Alectura lathami Gray, 1831, Sydney, Australia. Two subspecies recognized.
OTHER COMMON NAMES
English: Scrub turkey, bush turkey, pouched talegallus; French: Talйgalle de Latham; German: Bruschhuhn; Spanish: Talйgalo Cabecirrojo.
23.6–27.6 in (60–70 cm); female 4.4–5.5 lb (1.98–2.51 kg), male 4.6–6.4 lb (2.12–2.9 kg). Large, mainly black, grounddwelling bird with bright red head and neck, males with either yellow or light purple extendable neck sac during breeding season. Chicks, born fully feathered, have a uniform color buffbrown to sooty brown, closely resembling quail.
East Australia, from Cape York to northern New South Wales.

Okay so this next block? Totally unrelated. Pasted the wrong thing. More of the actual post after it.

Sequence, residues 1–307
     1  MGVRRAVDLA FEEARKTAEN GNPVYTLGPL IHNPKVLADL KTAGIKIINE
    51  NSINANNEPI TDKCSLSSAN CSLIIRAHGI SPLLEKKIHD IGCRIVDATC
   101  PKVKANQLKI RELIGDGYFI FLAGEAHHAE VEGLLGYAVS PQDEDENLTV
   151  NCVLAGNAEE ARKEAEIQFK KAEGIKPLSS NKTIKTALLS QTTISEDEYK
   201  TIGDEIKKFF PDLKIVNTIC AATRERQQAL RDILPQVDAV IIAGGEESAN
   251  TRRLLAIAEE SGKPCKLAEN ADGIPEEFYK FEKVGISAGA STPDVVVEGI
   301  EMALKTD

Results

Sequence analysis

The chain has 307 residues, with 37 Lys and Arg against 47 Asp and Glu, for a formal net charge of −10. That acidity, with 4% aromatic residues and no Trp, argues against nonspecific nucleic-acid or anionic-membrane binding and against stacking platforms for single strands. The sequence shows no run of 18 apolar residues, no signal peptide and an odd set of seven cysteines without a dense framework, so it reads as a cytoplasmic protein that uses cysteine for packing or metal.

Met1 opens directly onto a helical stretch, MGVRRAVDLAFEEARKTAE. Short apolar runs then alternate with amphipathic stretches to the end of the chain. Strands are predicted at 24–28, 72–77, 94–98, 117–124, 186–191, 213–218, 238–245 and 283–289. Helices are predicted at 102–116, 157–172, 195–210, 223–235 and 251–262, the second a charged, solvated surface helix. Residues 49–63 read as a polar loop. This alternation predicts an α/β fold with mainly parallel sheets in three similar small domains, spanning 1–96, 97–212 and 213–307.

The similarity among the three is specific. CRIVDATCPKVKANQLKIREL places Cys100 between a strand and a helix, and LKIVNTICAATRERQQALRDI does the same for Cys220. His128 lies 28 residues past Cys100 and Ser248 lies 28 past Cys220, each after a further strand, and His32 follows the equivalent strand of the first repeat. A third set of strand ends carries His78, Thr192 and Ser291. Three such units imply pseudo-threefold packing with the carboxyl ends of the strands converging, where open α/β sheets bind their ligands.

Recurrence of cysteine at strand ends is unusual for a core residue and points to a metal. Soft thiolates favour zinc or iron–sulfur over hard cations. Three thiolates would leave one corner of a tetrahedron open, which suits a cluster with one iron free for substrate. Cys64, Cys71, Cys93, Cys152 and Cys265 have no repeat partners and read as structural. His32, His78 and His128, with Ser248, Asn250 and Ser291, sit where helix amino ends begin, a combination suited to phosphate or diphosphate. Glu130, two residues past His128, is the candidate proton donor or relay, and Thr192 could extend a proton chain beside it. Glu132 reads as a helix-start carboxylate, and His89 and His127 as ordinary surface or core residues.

Rainforest and closed forest.
Loosely social, males building and defending incubation mounds. Roosts communally in trees.
FEEDING ECOLOGY AND DIET
Generalist ground-forager, feeding on leaf-litter invertebrates and fruits.
Mounds constructed in July and are maintained until about December. Males polygynous, maintaining mounds (often two) in which females lay several eggs before moving to another mound. Up to 18–24 eggs; white and elliptical; laid by each female although a mound may have incubated up to 50 by the end of the season. Young extremely precocial.
Abundant and locally common throughout most of range, especially in southern Queensland where it is often a nuisance in urban gardens.
SIGNIFICANCE TO HUMANS
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